Climb the winding staircase to the 3rd floor of Dover Museum, and you are greeted by a rampant polar bear: its jaws menacingly open to reveal its sharp incisors, and its right claw raised as if to smite you at the slightest provocation. This is the animal transported to Dover from the Arctic in 1897 by Dr Reginald Koettlitz, ‘who apparently had shot it himself’.1 It stood for many years in the surgery of first his brother, Dr Maurice Koettlitz, and then of his nephew, of the same name, on Dover’s London Road, before being donated to the museum in the 1950s.

Reginald Koettlitz - whose surname is of Germanic origins, pronounced ‘kurtlitz’ and sometimes spelt Köttlitz2 - was born in Ostend in 1860 to parents fleeing religious persecution in Prussia. His father was a minister in the Reformed Lutheran Church and his mother taught English. Having travelled through Germany and Belgium, the family arrived in Dover within a few weeks of Reginald’s birth.

Koettlitz was educated at Dover College before going on to study medicine, first at Guys’ Hospital in London and then at the Royal College of Physicians in Edinburgh. His first nine years as a qualified doctor of medicine were spent in the coalfields of Durham, but in 1894 he embarked on a medical and scientific career that would take him around the world, and to both its polar regions.

His first voyage was as Ship’s Surgeon and Medical Officer on the 1894-1897 Jackson-Harmsworth expedition to the Arctic. This was led by explorer Frederick George Jackson and funded by newspaper magnate and innovator of the popular press, Alfred Harmsworth. To qualify for a place on the expedition, Koettlitz had to obtain British citizenship, which he did with just days to spare before departure. It was from this expedition that Koettlitz returned with the polar bear now displayed in Dover Museum.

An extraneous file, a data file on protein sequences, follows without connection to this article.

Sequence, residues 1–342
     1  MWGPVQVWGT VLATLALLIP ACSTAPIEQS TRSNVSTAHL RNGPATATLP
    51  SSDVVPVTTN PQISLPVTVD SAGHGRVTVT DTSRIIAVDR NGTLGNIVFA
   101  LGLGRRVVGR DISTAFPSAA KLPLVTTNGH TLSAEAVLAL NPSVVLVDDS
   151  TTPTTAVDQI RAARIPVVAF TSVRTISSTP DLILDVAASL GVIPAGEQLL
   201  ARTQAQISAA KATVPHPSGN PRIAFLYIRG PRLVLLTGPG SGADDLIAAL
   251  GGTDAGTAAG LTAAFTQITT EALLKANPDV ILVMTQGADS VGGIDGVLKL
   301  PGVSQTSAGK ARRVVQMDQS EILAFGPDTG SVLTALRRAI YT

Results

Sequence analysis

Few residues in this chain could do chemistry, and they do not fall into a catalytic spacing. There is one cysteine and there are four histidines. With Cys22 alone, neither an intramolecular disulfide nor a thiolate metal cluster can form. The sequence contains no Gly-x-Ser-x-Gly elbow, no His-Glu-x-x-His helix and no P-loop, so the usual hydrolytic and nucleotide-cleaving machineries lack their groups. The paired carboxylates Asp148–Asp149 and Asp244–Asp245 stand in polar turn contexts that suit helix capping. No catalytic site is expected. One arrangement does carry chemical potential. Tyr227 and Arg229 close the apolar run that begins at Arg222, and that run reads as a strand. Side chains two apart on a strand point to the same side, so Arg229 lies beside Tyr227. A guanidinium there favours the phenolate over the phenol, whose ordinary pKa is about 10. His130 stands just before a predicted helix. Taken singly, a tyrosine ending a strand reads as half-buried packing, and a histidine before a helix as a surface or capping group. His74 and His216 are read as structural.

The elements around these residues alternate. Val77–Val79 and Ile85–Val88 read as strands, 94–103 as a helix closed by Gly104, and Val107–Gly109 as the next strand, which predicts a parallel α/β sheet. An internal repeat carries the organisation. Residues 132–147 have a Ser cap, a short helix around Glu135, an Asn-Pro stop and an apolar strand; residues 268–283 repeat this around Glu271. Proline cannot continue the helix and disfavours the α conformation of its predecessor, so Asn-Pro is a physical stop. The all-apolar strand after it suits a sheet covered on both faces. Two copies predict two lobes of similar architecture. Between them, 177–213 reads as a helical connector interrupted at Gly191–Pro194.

A major part of Koettlitz’s role in the Arctic was to keep accurate daily records of the health and welfare of all the men on board the ship, and to report daily on these to Commander Jackson. Such records can provide an interesting counter-narrative to the official voyage narratives published once an expedition was over. On the Jackson-Harmsworth expedition, for example, Koettlitz’s correspondence with Jackson contains many references to his significant concerns about the health of the ship’s Captain, A. Schlosshauser, whose ‘multiple physical and mental incapacities’,3 Koettlitz concluded, rendered him ‘totally unfit to withstand the rigours of the Arctic Climate’.4 Jackson’s diaries contain copious notes on this topic, yet A Thousand Days in the Arctic, the voyage-narrative that he published in 1899, makes no mention of them. Koettlitz’s conscientious monitoring of his crew’s health and welfare on this expedition, however, led him to conclude that eating fresh meat was essential in preventing scurvy, a terrible disease long feared by seafarers.

Returning to Dover in 1897, Koettlitz submitted substantial reports on his findings to the Royal Geographical Society and gave several lectures locally. He soon, though, received an ‘offer … too tempting to refuse, and [which] … could not be resisted’5 to join the explorer Herbert Joseph Weld Blundell on an expedition to Africa and the middle-east. Koettlitz also ‘completed a solo trip up the Amazon’.6 His report on this expedition, ’A Journey through Somaliland and Southern Abyssinia to the Shangalla or Berta Country and the Blue Nile, and through Sudan to Egypt’, was published on 1 August 1900 in the Scottish Geographical Magazine.7